Tuesday, June 30, 2009

Surfacing for a Breath

While I clunk my way through Vista on Tom's laptop, our broadband is up for a few moments and I had to steal away to blogger to check in and say hi. [Update: as soon as I went to hit the publish button the BB went down. It should be fixed now.]

It's official. We gave notice to out landlady, who is, without a doubt, the best landperson in my long history of landpeople.

I sent an email out to the graduate list-serv on campus and already have someone coming to look at our place tomorrow. I hope the visitor likes it and likes the deep red paint in the kitchen and the pale gray paint in the bathroom. It would be nice not to have to paint before we exit.

The conference I am attending is coming up quickly. I have not started my paper, have not transcribed the interview about which the paper is to be written and hope to bejesus that the audio file of the interview is still on my laptop when it returns from the hospital. Yeah, I didn't backup my hardrive prior to taking it in and refused the $100 they wanted to charge me to make 3 cds of my computer gobbledygook.

I had a great thought the other day that I wanted to share with you all.

I am one of those people who, while an insufferable optimist, tends to anticipate the worse outcome from bumpy circumstances. And since life is jam-packed with bumpiness, I can be a bit of a spaz. But I realized the other day, for no apparent reason as I was not mid-spaz, that I have never once freaked out about something going haywire and been justified in that freakout.

Things *always* work out.

I cannot think of one time when they did not.

I hope you find the same in your life. We all deserve a little comfort knowing that no matter hard life may seem to throttle us, change for the better is always waiting while we catch our breath from our tantrum and pick ourselves up, dust ourselves off and start all over again the next time.

The next time we have a day when we drop everything we pick up (numerous times), hit every red light, get behind the slowest person at the grocery store, our computer crashes when we need to pay bills online, the person at the bank needs to change the receipt tape but doesn't know how, congress continues to be shitheads, Rush Limbaugh *still* has not had his fatal heart attack, and it feels like a sauna when we step outside.

Ain't life grand?

Despite my spazzery, indeed it is.


Sunday, June 28, 2009

Technical Difficulties

Our computer shituation is just that-- a shituation.

Our broadband keeps crashing, our desktop keeps crashing and my laptop is in the hospital undergoing some minor surgeries.

Tom got a new laptop this week but it has Vista (*groan*) and he needs it for work. Also my laptop cannot connect to our router... so even if I did have it, I couldn't connect with you all anyway.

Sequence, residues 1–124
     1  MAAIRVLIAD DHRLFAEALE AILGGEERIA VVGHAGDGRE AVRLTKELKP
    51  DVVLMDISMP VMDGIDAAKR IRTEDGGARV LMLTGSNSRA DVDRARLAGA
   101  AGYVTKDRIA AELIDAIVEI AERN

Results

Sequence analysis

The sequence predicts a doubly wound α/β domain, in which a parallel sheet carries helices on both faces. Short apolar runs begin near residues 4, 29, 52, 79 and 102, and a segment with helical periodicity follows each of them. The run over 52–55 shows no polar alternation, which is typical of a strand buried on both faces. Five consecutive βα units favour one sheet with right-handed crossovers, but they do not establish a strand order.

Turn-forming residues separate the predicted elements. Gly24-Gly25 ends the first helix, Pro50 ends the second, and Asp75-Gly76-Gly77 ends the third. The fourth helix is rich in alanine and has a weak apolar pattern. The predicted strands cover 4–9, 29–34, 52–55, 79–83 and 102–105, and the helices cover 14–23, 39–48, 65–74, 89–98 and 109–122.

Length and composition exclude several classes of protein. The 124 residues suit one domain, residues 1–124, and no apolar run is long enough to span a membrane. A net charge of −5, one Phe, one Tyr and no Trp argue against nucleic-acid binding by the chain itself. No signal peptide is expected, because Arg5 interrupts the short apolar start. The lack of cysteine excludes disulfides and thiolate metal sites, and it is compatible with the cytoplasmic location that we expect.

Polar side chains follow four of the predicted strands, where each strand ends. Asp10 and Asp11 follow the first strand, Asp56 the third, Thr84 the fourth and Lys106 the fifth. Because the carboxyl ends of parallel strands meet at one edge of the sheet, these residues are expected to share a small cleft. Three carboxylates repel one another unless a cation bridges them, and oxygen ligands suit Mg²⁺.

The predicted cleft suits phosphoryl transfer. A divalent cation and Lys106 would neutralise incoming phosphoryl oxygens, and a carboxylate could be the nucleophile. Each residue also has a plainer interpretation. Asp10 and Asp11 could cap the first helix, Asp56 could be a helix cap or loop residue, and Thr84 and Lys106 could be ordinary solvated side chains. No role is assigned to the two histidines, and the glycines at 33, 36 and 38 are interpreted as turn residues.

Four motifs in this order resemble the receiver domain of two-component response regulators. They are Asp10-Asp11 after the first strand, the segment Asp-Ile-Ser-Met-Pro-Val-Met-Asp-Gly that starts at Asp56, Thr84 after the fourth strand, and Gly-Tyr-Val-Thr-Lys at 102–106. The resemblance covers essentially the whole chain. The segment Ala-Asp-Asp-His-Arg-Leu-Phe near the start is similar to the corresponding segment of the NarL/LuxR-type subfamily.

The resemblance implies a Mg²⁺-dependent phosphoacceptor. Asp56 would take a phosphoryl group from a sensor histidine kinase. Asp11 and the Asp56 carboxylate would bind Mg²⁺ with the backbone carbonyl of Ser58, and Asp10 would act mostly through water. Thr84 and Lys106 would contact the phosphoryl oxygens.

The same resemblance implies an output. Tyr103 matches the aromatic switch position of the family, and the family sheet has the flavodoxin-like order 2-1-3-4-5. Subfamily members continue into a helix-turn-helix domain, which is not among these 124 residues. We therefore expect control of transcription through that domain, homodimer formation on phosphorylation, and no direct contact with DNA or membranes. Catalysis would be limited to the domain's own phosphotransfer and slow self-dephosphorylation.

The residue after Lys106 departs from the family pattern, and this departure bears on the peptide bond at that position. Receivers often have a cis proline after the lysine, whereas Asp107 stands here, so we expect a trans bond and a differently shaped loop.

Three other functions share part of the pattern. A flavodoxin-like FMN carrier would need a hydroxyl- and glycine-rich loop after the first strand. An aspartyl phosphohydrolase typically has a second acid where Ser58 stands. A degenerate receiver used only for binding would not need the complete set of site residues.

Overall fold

Riveting stuff, huh?

Can I confess something?

I have no idea how I ever lived without email, internet, blogger and google.


We made a crazy decision to move into a new house in August.

I think I am one of those people that needs chaos in order for things to be normal... (don't tell my parents).

Nothing says "fun" like going through boxes of paperwork and junk I have been hauling around for about two decades now.

This will mark the seventh time I have moved in 17 years.

I am not in the witness protection program, either.

It is feeling pretty good to purge old photographs from eighth grade graduation, donate unused items, and pitch raging junk in general.

Hope you all are well.

Take care all.

Sorry to have been absent for so long now.


Friday, June 26, 2009

Need a Lift?

I know I do...

Today, celebrate the resilience of humanity in the midst of turmoil, sadness, and uncertainty.

The oldest musical instruments were found in Germany according to a Science News article written about on Man With the Muck-Rake's blog.


The discovery of those flutes some how civilizes humanity in a way I hadn't thought possible. How far we've come, huh? [note sarcasm, or don't, take your pick]

Today, try to listen to something that reminds you of happy times, of better times.

And if you feel like it, shake your booty a little, too.

I could write something like "Do a little dance. Make a little love. Get down tonight" but that would be too cheesy, right :).

Happy Friday All.

PS: Don't tell any of my friends I posted this picture of us reenacting tribal dance moves from 35,000 years ago :). Sidhe, I think you were in this one.


Thursday, June 25, 2009

With or Without You (Congress)?

One of my professors (who just so happens is Iranian-born) said: "Americans live with the illusion of democracy. The pretense of choice. We choose between two (or three) people. That's choice?"

I was doing some dishes yesterday and thinking about the sad state of things given that we sent our leaders a pretty strong mandate last November.

I am not sure what the rest of you voted for, but I voted for these things ( short list to be sure):

1. To close Guantanamo Bay.

2. To give those inmates fair trials under US law.

3. Health care reform.

4. Education reform.